Wednesday, February 27, 2008

Problem Behavior = Missing Skills

Problem behaviors are evidence of missing skills. We need to figure out what the missing skills are and take the time to teach the skills. We often need to figure out how to substitute a more acceptable behavior that works equally well from the child's point of view. This is the paradigm shift that you need to make as you think about discipline for young children with autism

teach what you do want the child to do
rather than punish what you don't want the child to do.


This is not an easy change of thinking. But here is why it makes sense and works. The child with autism will tend to repeat, exactly, whatever he did last time regardless of the consequences. This means that we can't use the typical punishment paradigm to help children diminish problem behaviors. The young child with autism typically cannot, on his own, think of an alternative behavior for the problem behavior , so he repeats whatever he did last time. It makes no difference if the behavior was punished last time because the child can't imagine another behavior.

Here is an example from today at my clinic. Tony, throws almost every toy that he picks up. His dad says sternly, TONY! DON'T THROW! Tony looks gleefully at dad and picks up the next toy and launches it! The stern words do not diminish the frequency of Tony's throwing--just the opposite!


I tell the dad to try ignoring the behavior unless Tony is about the launch something dangerous. This is what happens. Tony throws the next car he picks up. His dad looks away. Tony, who had been silent until this point, says Tony, don't throw and moves closer to dad with the same car in hand. This time, looking right at dad, Tony throws it, as though prompting his dad to play the other side of the don't throw game, he says TONY! DON'T THROW! and then of course throws it right at his dad!

Tony's dad reported that time-outs don't work, yelling does not work and even a smack on his behind does not work--Tony only does things more often when he is punished. We know that a child can learn from a time-out or any kind of punishment if, and only if, the behavior diminishes after the punishment. If the behavior increases after a punishm
ent--not an uncommon outcome for children with autism, then we know that whatever we are calling a punishment is working like a reward from the child's perspective. Tony's dad could just as well have said YEAH! TONY, THROW THAT CAR AGAIN AND AGAIN AND AGAIN BECAUSE I LOVE WHEN YOU THROW THINGS! By providing Tony with an absolutely predictable verbal response every time, his dad was rewarding Tony and by the time I witnessed this behavior--Tony was throwing dozens of times in a 45 minute session. It was a hard behavior to change because it had been rewarded thousands of times.

We needed to teach Tony to 1) directly seek out attention from his dad and 2) to play with his toys. Those were the missing skills.

It will be a long time before we convince Tony that playing with toys is as rewarding as throwing toys. From his perspective, every single time he throws a toy, he gets his dad's attention and his dad says the same thing. Throwing is very powerful while at the same time being very easy to do. This is why, in the ideal world, we would start to teach Tony how to drive a car immediately after seeing him throw it for the first or second time. We would not say a word about his throwing unless it was to get a soft ball and hand it to him saying Throw the ball! Particularly we would know we needed to teach a new skill if we saw that Tony was intentionally throwing to get Dad's attention. We might teach Tony to go to dad and say Dad, play with me! because this is a much more acceptable way for Tony to get dad's attention. Motor planning difficulty makes it hard for Tony to drive cars, hug bears, stack blocks, stir pots in his pretend kitchen. So, each skill needs to be taught--hand over hand if need be. Many demonstrations and much praise will allow Tony to learn the missing skills.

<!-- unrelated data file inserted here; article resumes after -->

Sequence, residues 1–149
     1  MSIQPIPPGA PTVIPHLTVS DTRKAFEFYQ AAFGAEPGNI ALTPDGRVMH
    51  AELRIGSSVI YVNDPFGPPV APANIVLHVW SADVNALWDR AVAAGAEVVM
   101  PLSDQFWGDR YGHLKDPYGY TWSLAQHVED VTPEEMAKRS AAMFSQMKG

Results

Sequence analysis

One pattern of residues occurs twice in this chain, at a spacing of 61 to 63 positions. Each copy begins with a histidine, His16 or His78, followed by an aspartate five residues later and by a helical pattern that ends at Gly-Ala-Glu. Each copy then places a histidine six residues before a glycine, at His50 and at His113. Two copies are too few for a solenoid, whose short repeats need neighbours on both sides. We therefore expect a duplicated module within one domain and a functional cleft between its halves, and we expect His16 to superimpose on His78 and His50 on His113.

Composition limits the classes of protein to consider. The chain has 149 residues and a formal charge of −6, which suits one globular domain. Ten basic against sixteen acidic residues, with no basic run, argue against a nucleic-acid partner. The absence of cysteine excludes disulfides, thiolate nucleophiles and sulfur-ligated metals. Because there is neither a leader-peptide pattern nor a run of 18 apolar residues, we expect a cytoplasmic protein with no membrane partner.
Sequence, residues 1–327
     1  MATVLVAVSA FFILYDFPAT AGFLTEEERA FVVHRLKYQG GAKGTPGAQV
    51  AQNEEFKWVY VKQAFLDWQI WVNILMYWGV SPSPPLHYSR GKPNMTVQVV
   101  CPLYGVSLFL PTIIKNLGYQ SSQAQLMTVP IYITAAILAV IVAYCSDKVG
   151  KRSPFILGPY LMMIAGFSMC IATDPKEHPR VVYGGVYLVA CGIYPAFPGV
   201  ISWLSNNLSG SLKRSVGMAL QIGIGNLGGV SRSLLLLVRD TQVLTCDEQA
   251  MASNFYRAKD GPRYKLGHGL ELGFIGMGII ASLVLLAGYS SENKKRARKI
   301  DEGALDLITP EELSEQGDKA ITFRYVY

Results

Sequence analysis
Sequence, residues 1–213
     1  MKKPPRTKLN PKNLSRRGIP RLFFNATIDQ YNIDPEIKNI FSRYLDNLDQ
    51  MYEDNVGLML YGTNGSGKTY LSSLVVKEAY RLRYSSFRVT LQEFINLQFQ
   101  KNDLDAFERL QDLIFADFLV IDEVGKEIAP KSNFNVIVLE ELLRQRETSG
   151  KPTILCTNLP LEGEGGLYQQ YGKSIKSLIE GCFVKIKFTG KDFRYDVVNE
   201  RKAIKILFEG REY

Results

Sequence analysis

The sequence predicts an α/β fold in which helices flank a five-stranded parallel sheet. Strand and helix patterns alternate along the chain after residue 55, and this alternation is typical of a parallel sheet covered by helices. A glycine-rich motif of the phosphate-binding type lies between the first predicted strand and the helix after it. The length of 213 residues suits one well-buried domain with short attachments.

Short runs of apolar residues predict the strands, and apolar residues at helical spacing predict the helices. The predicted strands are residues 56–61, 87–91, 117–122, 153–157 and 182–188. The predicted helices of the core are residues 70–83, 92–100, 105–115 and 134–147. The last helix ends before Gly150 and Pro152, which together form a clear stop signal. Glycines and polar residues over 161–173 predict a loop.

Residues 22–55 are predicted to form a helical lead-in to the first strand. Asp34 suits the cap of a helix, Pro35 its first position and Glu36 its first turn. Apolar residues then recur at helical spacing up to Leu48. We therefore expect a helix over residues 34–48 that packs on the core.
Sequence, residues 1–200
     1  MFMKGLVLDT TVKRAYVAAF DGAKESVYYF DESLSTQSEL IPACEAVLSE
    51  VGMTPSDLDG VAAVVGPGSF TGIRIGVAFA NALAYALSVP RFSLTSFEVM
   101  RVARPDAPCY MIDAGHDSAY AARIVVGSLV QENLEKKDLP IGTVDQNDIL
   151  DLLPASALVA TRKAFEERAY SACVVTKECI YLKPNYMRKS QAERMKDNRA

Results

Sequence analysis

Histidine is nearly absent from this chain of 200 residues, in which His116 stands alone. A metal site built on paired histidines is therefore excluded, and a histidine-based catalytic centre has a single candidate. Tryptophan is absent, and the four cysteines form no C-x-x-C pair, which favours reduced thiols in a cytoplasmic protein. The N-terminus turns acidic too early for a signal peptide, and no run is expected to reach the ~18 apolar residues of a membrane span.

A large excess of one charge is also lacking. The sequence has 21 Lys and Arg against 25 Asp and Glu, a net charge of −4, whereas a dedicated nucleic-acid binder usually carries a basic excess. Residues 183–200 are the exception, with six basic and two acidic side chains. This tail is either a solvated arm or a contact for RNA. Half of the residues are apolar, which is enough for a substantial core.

2 comments:

Beth up North said...

My son is in an autism classroom. He is hitting other kids to greet them and get their attention. I wanted to teach high fives as a replacement behavior but his teachers would rather use a "keep your hands to yourself" approach. Any ideas how to make that approach work? We continue to work on greetings in general and he always uses verbal greetings at home. He gets immediate feedback for this at home but not so much at school. Help! It is exciting that he so wants to interact with the kids at school but we can't seem to get past this problem behavior.

Tahirih said...

You can ask that an official Functional Behavioral Assessment be done where there will be a systematic count of how many times a problem behavior occurs. When an FBA is done, some ideas related to how the behavior is "functioning" are discussed and after determining that the behavior functions, say, as a way to interact with other children, then a substitute behavior which functions equally well would be taught. "keep your hands down" does not meet this test because it does not function equally well as a social interaction strategy and now, of course, it may be highly reinforced by the predictable teacher response. Something a little less official might also be done if you have a good working relationship with teachers. One way or another, ask the teachers to do a count to see if the behavior is diminishing. Literally, at several set times in the day, count to see how often the behavior is occurring. Then count again in one week to see if the numbers are going down. If the numbers are going down, then the current strategy is working. If not, then it is not working. The numbers don't lie. I will try to do a post on how to help kids learn self-regulation as this more general topic is related.